"We're so fortunate to have relationships with designers who want to invest in Midwestern artists," Watts says. "I could never be an interior designer. I think it's a really hard job. But when it's done well, it's so clear. Being able to partner with that type of talent and curate collaboratively is really fun for me."  
Dr. William Schupp, a family physician at the Iowa Clinic, said it's important for college students to talk through their feelings if they feel stressed or anxious.

HOW HAS COVID-19 AFFECTED COLLEGE STUDENTS?

Currently home from school because of the coronavirus, many college students are experiencing an uptick in stress and anxiety as they try to navigate the resulting changes in their life plans, according to panelists who participated in the second installment last Friday of dsm Lifting the Veil: Life Interrupted by COVID-19, a virtual six-week series exploring the mental health effects of the pandemic.

Dr. William Schupp, a family physician at the Iowa Clinic, said the virus is "taking that depression or anxiety up another notch or two." The key, he said, is to talk through feelings with family members or friends and seek professional help if distress reaches an alarming level.

One of the biggest stressors is the effect on career opportunities, students on the panel said. Madi Dwelle, a graduating senior at Drake,
said her internship in Washington, D.C., was canceled because of the virus. Now she's moving there without a job, upping her level of anxiety.

Ana Kaushik, a graduating senior at Iowa State University, added that the situation "pushes us to think creatively about how to network, how to reach out to companies, how to find that niche. A mentor told me once that it takes one company to give you one job offer to start your career."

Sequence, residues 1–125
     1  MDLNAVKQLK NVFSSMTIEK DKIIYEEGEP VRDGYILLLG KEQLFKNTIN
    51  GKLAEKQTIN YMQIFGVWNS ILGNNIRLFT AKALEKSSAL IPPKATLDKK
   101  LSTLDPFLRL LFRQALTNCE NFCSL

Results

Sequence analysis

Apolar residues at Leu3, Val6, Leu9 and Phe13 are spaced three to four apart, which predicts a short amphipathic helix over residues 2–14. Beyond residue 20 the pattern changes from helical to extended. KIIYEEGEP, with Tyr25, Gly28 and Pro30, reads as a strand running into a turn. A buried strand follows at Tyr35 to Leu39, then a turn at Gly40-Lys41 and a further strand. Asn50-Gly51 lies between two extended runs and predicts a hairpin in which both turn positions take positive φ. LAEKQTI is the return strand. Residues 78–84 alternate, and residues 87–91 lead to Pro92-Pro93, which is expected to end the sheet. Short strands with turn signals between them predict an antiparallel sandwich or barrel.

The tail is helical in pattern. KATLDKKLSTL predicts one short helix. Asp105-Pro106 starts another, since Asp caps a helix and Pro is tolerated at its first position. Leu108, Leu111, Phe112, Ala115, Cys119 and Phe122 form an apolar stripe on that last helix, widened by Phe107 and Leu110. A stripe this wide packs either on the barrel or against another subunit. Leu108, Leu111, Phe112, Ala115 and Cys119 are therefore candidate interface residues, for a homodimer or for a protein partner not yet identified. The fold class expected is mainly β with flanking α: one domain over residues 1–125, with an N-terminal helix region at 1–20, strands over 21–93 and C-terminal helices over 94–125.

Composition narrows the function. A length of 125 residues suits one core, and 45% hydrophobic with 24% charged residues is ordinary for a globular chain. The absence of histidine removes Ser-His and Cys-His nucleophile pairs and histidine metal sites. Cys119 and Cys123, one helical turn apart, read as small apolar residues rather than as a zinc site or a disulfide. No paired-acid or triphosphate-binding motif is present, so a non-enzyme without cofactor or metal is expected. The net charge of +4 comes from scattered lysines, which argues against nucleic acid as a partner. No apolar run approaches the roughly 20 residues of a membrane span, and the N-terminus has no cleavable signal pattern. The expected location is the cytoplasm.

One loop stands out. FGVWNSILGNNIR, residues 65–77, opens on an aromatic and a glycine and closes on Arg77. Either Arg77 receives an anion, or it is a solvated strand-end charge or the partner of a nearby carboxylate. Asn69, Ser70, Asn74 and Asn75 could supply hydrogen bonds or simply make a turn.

High school students entering college in the fall also have experienced heightened anxiety, both because they are missing a few months of learning and fear that the fall semester will be altered. "There's not a college or university in the country that isn't going to recognize the need to reach out to all of the new students and provide them any kind of support they need to make the transition," noted Rob Denson, president of Des Moines Area Community College. He recommended contacting colleges or universities directly to ask for help.

The next dsm Lifting the Veil: Life Interrupted by COVID-19, this Friday, May 15, from noon to 1 p.m., will focus on parenting and the challenges of working from home with children out of school. You can register here.
Emillee Richardson and Curt Simmons from the Science Center of Iowa joined the dsm CultureCast podcast to discuss their online content.

TAKING SCIENCE AND LEARNING ONLINE

On the latest dsm Culturecast podcast, Curt Simmons, CEO of the Science Center of Iowa, and Emillee Richardson, director of marketing and public relations, said it was their mission to provide material to engage and entertain students and families stuck at home during the pandemic. So the SCI has moved its training and educational materials to its social media channels.

"We had a little experience with virtual programming, but we had to pivot pretty quickly," Simmons says. "Spring break came at us, and that's when we had to close. Spring break is one of the busiest periods for us. We felt we need to do something right away to serve the audiences that weren't able to visit the Science Center."

You can listen to the full episode here.